FIS approves schedule for women’s Nordic combined World Cups |

FIS approves schedule for women’s Nordic combined World Cups

(Tanzi Propst/Park Record)
Tanzi Propst

On June 4, the International Ski Federation (FIS) OKed the next step for of women’s Nordic combined skiing by approving the sport’s first-ever women’s World Cup schedule for the 2020-2021 season.

The announcement came as no surprise to Tara Geraghty-Moats, a U.S. national team competitor and leader in the sport that combines ski jumping and cross-country. The effort to build the sport has been ongoing within FIS, but women’s Nordic Combined was also knocked out of the running for the 2022 Winter Games in Beijing.

No wonder the native of West Fairlee, Vermont, was relieved to see the FIS schedule approved.

“It was definitely in the plans, but something like this is never sure until you see it on the FIS schedule and they’ve gone over it in the meeting,” she said. “It’s just a huge step for the sport to have it officially finalized and for it to be an official World Cup event.”

Currently, the schedule lists five stops, beginning in Lillehammer, Norway, in December of 2020, and includes a Ski World Championship in Oberstdorf, Germany, on Feb. 23 through March 7. Park City is not a stop on the debut World Cup calendar, but Billy Demong, president of Park City-based USA Nordic and a member of the Nordic combined FIS executive committee, said his organization is working on bringing a World Cup to town in the near future, and that the effort to build the sport, in general, has been collaborative.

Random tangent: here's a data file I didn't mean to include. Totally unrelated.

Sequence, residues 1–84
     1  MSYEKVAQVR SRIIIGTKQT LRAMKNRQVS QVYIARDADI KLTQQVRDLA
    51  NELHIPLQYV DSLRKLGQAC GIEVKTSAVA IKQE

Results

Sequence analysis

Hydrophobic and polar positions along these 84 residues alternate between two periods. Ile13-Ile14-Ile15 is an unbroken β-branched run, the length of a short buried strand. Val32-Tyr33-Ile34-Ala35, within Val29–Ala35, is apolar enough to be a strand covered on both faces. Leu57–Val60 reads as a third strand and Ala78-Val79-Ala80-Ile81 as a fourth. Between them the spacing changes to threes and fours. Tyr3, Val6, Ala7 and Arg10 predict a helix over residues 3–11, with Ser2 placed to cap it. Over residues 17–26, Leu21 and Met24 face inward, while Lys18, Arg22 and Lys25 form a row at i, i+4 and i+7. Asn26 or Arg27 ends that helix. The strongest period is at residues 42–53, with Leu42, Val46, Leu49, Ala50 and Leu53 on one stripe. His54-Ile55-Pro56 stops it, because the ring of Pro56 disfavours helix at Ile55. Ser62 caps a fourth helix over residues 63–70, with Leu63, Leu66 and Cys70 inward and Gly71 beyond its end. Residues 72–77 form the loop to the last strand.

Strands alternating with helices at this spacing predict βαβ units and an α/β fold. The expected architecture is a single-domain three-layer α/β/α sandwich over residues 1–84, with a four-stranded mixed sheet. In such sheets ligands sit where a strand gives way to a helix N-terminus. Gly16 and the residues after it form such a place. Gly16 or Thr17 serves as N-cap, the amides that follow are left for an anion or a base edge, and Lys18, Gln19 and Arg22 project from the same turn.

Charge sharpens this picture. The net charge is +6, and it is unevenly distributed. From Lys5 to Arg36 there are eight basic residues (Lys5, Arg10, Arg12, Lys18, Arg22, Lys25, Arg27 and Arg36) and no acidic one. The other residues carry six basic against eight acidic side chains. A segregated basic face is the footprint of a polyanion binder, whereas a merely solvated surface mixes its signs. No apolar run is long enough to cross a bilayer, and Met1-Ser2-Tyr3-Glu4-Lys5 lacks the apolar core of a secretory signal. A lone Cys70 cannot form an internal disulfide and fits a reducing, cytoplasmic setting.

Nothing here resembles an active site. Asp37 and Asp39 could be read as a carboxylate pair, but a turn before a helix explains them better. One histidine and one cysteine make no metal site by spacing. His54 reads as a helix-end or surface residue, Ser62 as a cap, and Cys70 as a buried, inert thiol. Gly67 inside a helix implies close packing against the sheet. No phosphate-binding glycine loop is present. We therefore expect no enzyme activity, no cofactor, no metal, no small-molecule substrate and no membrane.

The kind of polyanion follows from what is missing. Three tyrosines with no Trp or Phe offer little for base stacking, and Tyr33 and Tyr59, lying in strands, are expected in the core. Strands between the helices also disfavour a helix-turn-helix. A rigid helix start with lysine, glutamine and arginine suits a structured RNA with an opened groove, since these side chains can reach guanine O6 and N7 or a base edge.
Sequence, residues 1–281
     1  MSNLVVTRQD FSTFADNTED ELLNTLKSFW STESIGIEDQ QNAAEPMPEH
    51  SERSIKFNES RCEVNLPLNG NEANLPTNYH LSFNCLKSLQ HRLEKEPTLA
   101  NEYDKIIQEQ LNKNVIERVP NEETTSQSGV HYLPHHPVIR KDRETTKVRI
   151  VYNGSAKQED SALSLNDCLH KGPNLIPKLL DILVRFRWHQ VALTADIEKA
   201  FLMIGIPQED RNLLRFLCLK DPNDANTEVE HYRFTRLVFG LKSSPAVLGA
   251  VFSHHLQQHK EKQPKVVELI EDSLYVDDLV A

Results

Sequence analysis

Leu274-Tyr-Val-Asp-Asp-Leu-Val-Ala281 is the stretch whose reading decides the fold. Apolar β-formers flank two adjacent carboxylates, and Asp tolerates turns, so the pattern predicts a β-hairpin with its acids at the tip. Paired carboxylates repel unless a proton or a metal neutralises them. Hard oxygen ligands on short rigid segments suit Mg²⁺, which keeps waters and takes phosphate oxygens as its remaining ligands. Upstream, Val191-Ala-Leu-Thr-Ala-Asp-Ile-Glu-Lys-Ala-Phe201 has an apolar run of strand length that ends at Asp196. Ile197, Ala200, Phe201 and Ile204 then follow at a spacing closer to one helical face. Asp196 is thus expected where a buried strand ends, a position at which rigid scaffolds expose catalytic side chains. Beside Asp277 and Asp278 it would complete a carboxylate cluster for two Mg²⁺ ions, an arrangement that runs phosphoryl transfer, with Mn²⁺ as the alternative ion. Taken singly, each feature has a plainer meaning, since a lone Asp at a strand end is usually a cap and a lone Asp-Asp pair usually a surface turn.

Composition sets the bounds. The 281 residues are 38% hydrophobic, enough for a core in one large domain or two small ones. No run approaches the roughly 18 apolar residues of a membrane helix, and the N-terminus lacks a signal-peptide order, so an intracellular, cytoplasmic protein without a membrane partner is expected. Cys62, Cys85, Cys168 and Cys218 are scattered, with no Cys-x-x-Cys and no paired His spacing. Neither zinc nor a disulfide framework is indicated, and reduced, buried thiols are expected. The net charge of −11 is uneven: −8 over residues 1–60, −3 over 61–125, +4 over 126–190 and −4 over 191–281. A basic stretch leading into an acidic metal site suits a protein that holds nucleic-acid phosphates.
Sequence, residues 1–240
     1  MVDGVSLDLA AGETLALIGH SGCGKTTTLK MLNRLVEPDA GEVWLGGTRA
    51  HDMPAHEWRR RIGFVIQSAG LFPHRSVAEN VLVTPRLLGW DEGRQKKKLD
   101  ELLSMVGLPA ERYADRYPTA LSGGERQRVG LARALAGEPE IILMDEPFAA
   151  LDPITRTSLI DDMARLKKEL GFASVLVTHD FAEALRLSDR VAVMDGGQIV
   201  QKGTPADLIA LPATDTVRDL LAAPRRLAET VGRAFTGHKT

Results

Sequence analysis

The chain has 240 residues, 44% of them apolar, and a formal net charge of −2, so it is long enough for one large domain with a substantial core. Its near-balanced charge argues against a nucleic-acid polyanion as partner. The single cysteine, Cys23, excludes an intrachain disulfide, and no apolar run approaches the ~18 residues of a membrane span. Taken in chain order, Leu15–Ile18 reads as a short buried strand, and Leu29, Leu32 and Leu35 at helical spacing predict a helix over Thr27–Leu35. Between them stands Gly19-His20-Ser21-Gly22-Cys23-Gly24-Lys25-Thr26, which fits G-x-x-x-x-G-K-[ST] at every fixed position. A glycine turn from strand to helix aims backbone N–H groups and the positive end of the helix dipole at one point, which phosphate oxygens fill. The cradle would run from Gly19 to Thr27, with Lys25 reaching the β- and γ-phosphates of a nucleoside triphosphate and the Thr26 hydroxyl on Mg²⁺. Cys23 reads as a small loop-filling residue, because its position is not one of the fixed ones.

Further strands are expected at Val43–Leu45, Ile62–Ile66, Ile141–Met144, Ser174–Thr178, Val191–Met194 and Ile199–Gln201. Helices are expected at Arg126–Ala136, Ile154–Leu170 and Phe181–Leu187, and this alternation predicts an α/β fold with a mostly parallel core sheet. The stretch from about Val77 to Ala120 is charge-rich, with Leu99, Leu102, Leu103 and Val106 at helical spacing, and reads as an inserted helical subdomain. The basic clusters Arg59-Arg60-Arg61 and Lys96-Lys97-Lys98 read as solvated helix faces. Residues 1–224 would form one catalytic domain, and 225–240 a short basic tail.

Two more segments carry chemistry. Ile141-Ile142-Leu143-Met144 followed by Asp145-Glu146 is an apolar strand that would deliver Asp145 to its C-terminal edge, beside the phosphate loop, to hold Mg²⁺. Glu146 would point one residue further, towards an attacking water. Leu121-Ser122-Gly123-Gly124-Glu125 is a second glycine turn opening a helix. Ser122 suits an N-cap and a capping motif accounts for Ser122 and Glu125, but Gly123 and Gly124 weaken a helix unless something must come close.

“There’s very good solidarity among the nations, the staff of the men’s teams, the event organizers and the young women,” Demong said.

Over the last five years, FIS has hosted increasingly high level events such as the World Junior Championship, which debuted last season, and Continental Cups, which debuted two seasons ago.

Park City was the second stop on the Continental Cup tour last December, which is currently the highest competitive level of women’s Nordic combined. The town is also scheduled to host the first Continental Cup of the upcoming season on Dec. 14-17.

Competitors at last season’s women’s Nordic combined Continental Cup race at Jeremy Ranch Golf Club. The International Ski Federation has approved a calendar for a World Cup circuit and a World Championship during the 2020-2021 season.
Tanzi Propst/Park Record

Hosting a World Cup can cost anywhere from $400,000 to $1 million, depending on the location, Demong said, which is one of the reasons why Park City is not yet on the calendar.

“It’s something we are working on with FIS and the TV rights buyers and holders,” Demong said. “Hopefully, as we all look forward to a future bid for the games, our strategic goal at USA Nordic is to bring World Cup events back to the U.S. and especially to Park City in the next five years. We would love to do men’s and women’s ski jumping and Nordic combined on that horizon.”

For Geraghty-Moats, who is just beginning her training for the 2019-2020 season, the World Cup season can’t come soon enough.

The 26-year-old dominated the first the Continental Cup circuit, winning all 10 of the events she competed in and was named FIS women’s Nordic combined athlete of the year on top of competing in World Cup ski jumping.

“She has been waiting for the sport to keep up with her,” Demong said.

On Dec. 5, 2020, she plans to be one of the first women to compete at the World Cup level in a sport that men have competed in at the Olympic level since 1924.

“It’s going to be a really special moment to start the World Cup with the men in Lillehammer,” she said. “That’s such a legendary venue. I’ve competed there on the World Cup for ski jumping but it will be a different feeling for Nordic Combined and of course to have a shot at my first World Cup podium will be special. I’m hoping I can stay healthy and strong and make it there with a couple of teammates.”

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